Friday, July 10, 2009

Derrick Jensen: Forget Shorter Showers - Why personal change does not equal political change

Forget Shorter Showers: Why personal change does not equal political change
by Derrick Jensen
Orion Magazine

WOULD ANY SANE PERSON think dumpster diving would have stopped Hitler, or that composting would have ended slavery or brought about the eight-hour workday, or that chopping wood and carrying water would have gotten people out of Tsarist prisons, or that dancing naked around a fire would have helped put in place the Voting Rights Act of 1957 or the Civil Rights Act of 1964? Then why now, with all the world at stake, do so many people retreat into these entirely personal “solutions”?

Part of the problem is that we’ve been victims of a campaign of systematic misdirection. Consumer culture and the capitalist mindset have taught us to substitute acts of personal consumption (or enlightenment) for organized political resistance. An Inconvenient Truth helped raise consciousness about global warming. But did you notice that all of the solutions presented had to do with personal consumption—changing light bulbs, inflating tires, driving half as much—and had nothing to do with shifting power away from corporations, or stopping the growth economy that is destroying the planet? Even if every person in the United States did everything the movie suggested, U.S. carbon emissions would fall by only 22 percent. Scientific consensus is that emissions must be reduced by at least 75 percent worldwide.

Or let’s talk water. We so often hear that the world is running out of water. People are dying from lack of water. Rivers are dewatered from lack of water. Because of this we need to take shorter showers. See the disconnect? Because I take showers, I’m responsible for drawing down aquifers? Well, no. More than 90 percent of the water used by humans is used by agriculture and industry. The remaining 10 percent is split between municipalities and actual living breathing individual humans. Collectively, municipal golf courses use as much water as municipal human beings. People (both human people and fish people) aren’t dying because the world is running out of water. They’re dying because the water is being stolen.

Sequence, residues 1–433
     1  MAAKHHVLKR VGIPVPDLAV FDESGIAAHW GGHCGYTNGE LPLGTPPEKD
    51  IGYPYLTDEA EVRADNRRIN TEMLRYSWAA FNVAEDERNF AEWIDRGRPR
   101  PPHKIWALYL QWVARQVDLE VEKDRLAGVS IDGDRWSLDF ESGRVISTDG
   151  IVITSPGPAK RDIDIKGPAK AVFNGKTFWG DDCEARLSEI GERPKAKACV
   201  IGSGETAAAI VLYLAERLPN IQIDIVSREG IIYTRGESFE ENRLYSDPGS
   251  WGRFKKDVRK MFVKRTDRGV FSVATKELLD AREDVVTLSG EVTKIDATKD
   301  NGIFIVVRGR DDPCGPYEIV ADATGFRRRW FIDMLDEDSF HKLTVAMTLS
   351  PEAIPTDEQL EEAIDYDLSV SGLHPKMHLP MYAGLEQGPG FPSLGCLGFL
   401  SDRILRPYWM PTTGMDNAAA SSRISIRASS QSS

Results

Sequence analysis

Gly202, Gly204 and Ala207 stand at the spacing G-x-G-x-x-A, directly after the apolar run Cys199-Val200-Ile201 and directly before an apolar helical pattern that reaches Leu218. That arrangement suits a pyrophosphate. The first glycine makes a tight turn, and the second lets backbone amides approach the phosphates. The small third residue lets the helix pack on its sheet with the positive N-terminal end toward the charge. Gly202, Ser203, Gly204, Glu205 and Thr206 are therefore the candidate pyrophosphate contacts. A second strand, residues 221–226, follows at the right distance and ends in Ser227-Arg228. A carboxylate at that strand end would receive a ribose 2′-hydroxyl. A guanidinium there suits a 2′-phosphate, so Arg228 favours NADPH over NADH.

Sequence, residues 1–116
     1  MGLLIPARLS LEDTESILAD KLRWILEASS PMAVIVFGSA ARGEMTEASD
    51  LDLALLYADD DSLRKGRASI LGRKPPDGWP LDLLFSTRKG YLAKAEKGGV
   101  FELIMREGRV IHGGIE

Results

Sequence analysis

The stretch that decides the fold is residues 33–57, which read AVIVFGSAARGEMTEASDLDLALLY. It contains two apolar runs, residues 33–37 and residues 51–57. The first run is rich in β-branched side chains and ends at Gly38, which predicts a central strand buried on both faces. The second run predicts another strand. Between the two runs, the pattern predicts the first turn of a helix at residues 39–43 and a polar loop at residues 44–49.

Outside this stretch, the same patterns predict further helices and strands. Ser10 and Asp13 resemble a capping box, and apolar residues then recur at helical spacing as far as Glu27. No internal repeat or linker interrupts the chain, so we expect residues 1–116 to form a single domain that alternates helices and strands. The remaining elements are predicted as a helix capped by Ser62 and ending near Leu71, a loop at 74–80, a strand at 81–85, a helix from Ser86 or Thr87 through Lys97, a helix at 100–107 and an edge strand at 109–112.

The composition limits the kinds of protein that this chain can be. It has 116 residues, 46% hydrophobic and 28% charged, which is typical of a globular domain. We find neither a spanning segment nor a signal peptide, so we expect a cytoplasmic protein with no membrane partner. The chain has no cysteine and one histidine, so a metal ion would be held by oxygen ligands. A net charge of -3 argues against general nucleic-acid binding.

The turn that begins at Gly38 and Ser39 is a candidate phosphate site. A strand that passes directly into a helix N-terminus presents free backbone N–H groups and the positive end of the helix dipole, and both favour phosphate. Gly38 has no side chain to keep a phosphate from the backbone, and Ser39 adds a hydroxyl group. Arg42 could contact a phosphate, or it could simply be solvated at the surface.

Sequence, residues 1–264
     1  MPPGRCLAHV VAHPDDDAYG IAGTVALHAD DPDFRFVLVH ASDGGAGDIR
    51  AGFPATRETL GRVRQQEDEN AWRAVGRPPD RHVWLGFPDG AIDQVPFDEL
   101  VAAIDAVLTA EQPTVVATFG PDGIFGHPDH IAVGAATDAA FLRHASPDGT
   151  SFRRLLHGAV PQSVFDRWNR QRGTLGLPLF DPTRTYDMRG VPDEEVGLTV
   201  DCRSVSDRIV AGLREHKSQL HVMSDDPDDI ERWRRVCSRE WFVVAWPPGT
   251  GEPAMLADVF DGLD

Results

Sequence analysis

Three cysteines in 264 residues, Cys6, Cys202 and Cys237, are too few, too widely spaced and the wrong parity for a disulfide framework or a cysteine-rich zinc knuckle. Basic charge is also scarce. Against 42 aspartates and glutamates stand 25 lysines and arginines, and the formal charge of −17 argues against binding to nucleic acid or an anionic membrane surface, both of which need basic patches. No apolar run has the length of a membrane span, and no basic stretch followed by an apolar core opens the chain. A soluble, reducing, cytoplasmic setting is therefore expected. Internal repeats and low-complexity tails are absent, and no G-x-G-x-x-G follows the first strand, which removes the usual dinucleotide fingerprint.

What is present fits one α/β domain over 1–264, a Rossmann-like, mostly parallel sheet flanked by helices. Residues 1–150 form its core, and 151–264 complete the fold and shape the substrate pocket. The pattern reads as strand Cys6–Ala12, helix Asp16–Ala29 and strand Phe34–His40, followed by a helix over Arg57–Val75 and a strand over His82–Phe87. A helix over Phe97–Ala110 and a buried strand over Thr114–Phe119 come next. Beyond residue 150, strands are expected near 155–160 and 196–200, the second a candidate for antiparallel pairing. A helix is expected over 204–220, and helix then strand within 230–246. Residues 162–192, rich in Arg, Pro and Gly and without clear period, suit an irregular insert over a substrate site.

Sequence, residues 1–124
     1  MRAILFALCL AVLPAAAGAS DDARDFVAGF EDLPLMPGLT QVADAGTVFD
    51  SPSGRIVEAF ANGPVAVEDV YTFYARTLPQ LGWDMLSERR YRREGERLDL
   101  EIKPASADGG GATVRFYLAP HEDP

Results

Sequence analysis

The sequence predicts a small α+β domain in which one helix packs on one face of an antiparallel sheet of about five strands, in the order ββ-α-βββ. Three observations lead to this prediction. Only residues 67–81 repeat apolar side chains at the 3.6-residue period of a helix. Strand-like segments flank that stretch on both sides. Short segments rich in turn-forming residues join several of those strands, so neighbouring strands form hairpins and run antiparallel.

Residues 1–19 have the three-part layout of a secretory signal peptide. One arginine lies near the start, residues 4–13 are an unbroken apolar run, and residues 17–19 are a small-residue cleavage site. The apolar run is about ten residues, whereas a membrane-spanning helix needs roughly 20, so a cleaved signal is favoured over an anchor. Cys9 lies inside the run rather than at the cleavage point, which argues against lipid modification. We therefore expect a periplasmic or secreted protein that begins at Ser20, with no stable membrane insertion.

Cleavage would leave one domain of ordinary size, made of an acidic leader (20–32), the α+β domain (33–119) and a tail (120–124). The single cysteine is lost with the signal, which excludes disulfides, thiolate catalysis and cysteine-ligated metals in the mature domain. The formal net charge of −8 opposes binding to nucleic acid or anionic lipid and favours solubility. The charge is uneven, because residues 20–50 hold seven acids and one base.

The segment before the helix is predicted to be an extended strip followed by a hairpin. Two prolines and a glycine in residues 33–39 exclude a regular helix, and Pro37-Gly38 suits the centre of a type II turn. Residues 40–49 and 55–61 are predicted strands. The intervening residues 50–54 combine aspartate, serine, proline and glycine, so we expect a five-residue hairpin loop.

To Read the Rest of the Essay


bmobmobmo said...

interesting and challenging article. i was thinking about writing a blog post on this very subject. some days i feel that my choice in living a simpler life is completely ineffectual on the larger scale. working your way through the system with integrity or tearing the system down - beginning to think the latter is only option. maybe i need to provide larger futile gestures.

Thivai Abhor said...

i think we need both personal action and larger scale movements/demand for change

i think jensen would agree and i sense he is directing toward those that style these choices as a pose that allows them to feel like they are doing something when it is not enough to stop at the individual level.